As described in the anecdote at the outset, crappies can be taken with snap-jigging tactics when targeting deep weed edges—places where the fish tend to mill back and forth. In this scenario, since the fish aren't relating to a specific spot, it's best to cover the water with the boat. As mentioned, gliding jigs and bucktail jigs excel. I've also done well trailing a blade bait or jig-and-plastic combo, again fishing them with a snap-jig motion that fires the presentation well up off the bottom.
Three-way rigging isn't often thought of as a crappie tactic, but it provides another viable option for covering lengthy expanses such as outside weed edges. Tie the rig with a 3-foot lead going to a 1-ounce sinker and a 1-foot lead going to a downsized shad or minnow-shaped crankbait. Slowly troll the rig at around 1 to 1.5 mph, pumping the rod tip occasionally to impart additional action to the lure.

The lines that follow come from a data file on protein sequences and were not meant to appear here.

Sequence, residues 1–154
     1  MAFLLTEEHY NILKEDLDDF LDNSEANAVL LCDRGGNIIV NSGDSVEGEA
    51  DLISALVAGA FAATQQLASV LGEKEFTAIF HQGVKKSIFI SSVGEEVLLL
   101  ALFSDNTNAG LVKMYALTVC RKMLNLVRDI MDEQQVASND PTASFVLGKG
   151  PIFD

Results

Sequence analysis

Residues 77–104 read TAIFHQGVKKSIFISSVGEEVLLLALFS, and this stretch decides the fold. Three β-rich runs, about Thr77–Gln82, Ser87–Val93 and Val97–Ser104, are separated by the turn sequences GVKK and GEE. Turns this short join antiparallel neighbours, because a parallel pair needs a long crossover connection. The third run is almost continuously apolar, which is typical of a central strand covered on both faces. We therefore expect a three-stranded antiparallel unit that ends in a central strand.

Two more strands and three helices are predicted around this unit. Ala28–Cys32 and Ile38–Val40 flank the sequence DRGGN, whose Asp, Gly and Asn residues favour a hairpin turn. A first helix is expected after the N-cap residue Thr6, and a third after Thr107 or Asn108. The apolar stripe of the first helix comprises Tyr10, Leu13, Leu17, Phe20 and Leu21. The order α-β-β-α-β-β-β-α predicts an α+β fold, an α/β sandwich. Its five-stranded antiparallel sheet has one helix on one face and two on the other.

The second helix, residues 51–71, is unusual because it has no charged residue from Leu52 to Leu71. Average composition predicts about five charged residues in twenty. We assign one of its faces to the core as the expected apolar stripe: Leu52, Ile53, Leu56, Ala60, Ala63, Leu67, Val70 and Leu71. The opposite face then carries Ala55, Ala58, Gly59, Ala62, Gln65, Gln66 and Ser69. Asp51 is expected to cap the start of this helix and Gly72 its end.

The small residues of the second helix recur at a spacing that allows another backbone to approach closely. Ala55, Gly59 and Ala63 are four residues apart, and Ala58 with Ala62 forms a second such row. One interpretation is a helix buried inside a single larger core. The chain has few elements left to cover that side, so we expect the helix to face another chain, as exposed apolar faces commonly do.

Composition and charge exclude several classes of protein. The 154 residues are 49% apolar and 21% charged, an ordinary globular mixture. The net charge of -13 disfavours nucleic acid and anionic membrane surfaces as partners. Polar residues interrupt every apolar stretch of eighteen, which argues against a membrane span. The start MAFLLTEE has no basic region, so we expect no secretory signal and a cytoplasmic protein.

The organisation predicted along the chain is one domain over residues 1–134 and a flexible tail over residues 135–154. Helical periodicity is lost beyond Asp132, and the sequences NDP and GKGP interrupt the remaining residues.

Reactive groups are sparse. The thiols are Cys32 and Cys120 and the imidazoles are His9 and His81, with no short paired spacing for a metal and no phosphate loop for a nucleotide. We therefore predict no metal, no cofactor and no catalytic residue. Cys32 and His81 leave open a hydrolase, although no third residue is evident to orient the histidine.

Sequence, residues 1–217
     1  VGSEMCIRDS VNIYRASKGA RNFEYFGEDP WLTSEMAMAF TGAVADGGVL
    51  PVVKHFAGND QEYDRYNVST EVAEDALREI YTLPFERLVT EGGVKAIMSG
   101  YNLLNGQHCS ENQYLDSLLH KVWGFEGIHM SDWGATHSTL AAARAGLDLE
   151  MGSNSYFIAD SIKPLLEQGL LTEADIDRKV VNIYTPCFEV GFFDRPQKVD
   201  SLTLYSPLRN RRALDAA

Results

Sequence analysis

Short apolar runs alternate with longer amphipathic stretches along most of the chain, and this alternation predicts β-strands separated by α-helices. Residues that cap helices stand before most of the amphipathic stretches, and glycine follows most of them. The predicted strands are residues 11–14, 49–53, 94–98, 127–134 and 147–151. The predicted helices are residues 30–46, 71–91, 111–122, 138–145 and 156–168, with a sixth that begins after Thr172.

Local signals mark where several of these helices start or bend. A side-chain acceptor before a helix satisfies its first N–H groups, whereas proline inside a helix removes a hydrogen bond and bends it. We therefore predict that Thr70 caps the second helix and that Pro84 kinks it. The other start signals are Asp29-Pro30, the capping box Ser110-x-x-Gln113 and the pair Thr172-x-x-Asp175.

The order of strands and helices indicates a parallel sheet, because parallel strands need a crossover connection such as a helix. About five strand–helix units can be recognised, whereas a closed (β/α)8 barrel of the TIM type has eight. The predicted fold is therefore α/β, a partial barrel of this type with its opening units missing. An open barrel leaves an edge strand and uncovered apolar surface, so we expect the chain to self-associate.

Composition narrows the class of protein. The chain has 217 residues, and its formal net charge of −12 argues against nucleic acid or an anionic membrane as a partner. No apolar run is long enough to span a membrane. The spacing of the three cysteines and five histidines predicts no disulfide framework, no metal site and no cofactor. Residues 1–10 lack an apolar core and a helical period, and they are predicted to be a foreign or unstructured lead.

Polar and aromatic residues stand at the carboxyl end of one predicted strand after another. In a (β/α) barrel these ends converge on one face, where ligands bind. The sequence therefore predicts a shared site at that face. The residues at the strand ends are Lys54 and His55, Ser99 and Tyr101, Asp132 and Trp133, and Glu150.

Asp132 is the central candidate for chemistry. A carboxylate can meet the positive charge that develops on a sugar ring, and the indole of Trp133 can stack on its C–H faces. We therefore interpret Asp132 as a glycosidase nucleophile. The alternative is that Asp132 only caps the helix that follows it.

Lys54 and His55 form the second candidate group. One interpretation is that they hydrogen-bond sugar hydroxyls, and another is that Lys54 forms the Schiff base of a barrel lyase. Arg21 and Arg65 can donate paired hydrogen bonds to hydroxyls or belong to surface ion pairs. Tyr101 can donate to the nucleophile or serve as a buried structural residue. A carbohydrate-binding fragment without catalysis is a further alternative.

Over the years I've often found summertime crappies relating to stump fields in the 15- to 20-foot depths. At first, they were an incidental catch when targeting walleyes with small crankbaits trolled behind leadcore line. Now it's just one of several tactics I employ with targeting late-summer crappies loosely scattered over deeper cover.
Load up on these baits for late-summer slabs.
An appropriate selection of lures and rigs geared toward late-summer and early-fall crappies should address the fact that the fish can be wandering or stationary depending on both their mood and the available habitat.